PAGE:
Effective Hearing Conservation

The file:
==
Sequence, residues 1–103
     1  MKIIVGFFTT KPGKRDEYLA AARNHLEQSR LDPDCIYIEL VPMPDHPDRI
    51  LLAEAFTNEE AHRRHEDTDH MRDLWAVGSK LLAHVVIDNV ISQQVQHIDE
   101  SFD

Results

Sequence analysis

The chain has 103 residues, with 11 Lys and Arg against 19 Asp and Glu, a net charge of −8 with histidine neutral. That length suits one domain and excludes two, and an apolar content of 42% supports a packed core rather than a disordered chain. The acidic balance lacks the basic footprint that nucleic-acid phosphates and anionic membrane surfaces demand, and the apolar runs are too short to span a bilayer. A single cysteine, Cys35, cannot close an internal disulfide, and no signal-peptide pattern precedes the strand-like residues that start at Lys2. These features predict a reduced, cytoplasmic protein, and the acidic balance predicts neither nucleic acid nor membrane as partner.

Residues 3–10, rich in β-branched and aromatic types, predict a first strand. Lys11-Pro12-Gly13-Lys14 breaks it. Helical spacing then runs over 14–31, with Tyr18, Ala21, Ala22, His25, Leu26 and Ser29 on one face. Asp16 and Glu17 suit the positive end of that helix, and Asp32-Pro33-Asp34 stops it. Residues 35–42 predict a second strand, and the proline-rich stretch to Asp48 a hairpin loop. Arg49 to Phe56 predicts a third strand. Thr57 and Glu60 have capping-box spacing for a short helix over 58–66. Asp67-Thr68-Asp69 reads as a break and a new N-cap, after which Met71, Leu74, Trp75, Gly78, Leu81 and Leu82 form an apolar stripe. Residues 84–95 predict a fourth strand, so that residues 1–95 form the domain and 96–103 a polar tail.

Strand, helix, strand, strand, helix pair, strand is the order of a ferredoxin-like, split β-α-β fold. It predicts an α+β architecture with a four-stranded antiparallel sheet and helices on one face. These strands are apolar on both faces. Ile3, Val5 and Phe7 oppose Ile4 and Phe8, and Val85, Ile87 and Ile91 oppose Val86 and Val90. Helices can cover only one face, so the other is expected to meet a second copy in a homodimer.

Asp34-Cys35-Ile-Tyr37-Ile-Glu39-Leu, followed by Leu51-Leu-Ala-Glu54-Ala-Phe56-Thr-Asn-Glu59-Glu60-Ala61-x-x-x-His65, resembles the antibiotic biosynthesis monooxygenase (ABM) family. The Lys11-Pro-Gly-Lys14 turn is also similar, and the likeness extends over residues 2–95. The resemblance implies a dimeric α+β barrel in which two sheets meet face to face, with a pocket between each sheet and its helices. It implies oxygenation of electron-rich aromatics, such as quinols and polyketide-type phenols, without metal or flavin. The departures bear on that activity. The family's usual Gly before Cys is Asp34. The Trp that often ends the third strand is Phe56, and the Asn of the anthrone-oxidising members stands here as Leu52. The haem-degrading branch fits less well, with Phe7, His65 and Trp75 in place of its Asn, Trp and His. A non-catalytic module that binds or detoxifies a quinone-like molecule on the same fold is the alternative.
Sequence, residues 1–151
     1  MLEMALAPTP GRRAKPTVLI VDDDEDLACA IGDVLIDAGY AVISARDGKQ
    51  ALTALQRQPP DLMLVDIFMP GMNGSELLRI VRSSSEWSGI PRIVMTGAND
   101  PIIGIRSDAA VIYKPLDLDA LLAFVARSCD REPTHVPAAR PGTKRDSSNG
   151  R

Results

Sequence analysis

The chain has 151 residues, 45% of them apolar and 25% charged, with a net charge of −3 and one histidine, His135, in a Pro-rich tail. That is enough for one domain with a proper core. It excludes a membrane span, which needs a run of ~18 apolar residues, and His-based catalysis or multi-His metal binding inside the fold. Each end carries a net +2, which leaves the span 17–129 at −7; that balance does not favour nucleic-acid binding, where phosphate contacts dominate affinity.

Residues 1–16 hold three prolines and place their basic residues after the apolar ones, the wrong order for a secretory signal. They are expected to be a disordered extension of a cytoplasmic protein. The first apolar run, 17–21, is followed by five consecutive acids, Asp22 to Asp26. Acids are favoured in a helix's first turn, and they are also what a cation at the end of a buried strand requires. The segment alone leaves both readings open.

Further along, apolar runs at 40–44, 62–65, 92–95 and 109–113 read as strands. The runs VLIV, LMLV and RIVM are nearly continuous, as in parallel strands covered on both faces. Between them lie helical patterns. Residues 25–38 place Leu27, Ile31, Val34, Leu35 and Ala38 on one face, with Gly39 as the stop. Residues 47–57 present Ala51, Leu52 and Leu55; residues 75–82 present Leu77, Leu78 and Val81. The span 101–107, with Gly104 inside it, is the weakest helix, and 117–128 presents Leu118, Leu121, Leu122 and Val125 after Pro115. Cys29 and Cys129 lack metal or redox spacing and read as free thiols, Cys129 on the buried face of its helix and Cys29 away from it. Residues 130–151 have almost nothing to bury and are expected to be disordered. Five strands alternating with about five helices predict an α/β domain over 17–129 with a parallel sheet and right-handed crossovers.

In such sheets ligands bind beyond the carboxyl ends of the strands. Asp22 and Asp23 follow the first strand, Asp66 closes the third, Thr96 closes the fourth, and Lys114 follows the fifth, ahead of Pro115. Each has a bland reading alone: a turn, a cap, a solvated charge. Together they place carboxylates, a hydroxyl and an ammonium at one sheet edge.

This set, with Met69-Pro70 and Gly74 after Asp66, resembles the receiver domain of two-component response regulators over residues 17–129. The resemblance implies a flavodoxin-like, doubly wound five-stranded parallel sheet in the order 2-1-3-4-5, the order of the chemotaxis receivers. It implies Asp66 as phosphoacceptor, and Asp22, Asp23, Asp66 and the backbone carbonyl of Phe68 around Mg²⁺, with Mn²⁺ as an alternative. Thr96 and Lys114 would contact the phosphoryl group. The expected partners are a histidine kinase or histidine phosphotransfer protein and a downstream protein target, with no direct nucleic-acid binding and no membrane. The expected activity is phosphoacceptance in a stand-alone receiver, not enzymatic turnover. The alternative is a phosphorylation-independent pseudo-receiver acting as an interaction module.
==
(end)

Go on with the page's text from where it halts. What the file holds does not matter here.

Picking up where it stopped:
The Growing Need for Greater Attention to Hearing ConservationHumans, and even animals, have always bean susceptible to deafness, in varying degrees. However, in recent years, there has been an unprecedented increase in the incidence of auditory impairment worldwide. The condition affects people of all ages, and can be attributed to a variety of causes. For instance, from around the late thirties, the mere act of aging will, in many cases, tend to be accompanied by a slow deterioration in auditory acuity – a condition known as presbycusis. At the other end of the scale, some children are born deaf, often as a result of an infection, such as German measles (rubella) contracted by the mother during pregnancy, while around half of such cases are genetic in origin. Among those affected in childhood or later, chronic ear infections were most often implicated, and the development of antibiotics represented the first real breakthrough in hearing conservation. Another factor implicated in auditory impairment is the exposure to certain chemicals with ototoxic properties. These include lead, mercury, arsenic and various solvents, such as toluene and xylene. Some medications, including aspirin, ibuprofen and, somewhat ironically, certain antibiotics, such as streptomycin and gentamicin, are also implicated. However, since the industrial revolution, the incidence of noise-induced hearing loss (NIHL) has steadily been increasing. Today, it is not only the most frequent form of work-related injury, but also the single greatest cause of auditory impairment worldwide. The risk of NIHL, however, is not confined to those in the workplace. Vehicular traffic, for instance, is not only responsible for polluting the air in and around our cities. It also generates sufficient noise to affect pedestrians who are exposed to it regularly and over a sufficiently long period of time. Those living close to an airport or on a busy flightpath are also at risk from the intense noise of jet planes during take-off. Noise abatement regulations, enforcing airlines to minimise noise, have been introduced in most countries, and might play some part in hearing conservation. Perhaps the most alarming feature of NIHL is that, despite the fact that it is a preventable condition, so many people choose not to take the simple precautions required to protect themselves from the effects of loud noise. In fact, we have a generation of young people who are dedicated to the idea that music, whether from a live band, a car stereo, or fed straight into their ears from an iPod, can only be enjoyed at full volume, and well above the 85dB threshold at which sensorineural damage is inevitable. While some manufacturers of portable music devices are taking steps to limit the volume capabilities of their products, as yet, there is no legislation to enforce this. By contrast, legislation requiring employers to adopt effective measures to prevent noise-induced hearing loss in the workplace has long been in place. That these have proved to be less effective than hoped for can be attributed to three main factors – lack of oversight and enforcement by employers, lack of compliance by workers, and inadequate protection. Any effective hearing conservation programme within the workplace must therefore begin with education of both employer and employees regarding the risk of NIHL and its consequences. It is no less important to ensure that the protection provided by the employer really works. Prevention, in fact, need entail no more than the use of earplugs. If these are to be effective, however, it is vital that they fit the wearer’s ears perfectly, and remain comfortable during extended use. Furthermore, they should not inhibit communication between wearers, as this may be essential to productivity and for safety. Experience has shown that when a product meets these three important criteria, workers are more inclined to ensure that they remain protected throughout the full duration of their shift. To achieve a perfect fit requires preparing an impression of each ear. These are then used to tailor an earplug that matches their contours exactly, while the use of a suitably resilient material ensures long-term comfort and durability. H.A.S.S. Industrial (Pty) Ltd provides a comprehensive hearing conservation management programme. Beginning with an assessment of risk levels, it progresses to the screening of auditory efficiency among those exposed. Next follows the preparation of impressions and the manufacture of a range of personalised earplugs, which are then individually fitted, leak-tested, and the balance between protection and ease of communication precisely adjusted. NIHL awareness training, instruction in the correct use of the protective devices, and annual follow-ups complete this invaluable service.
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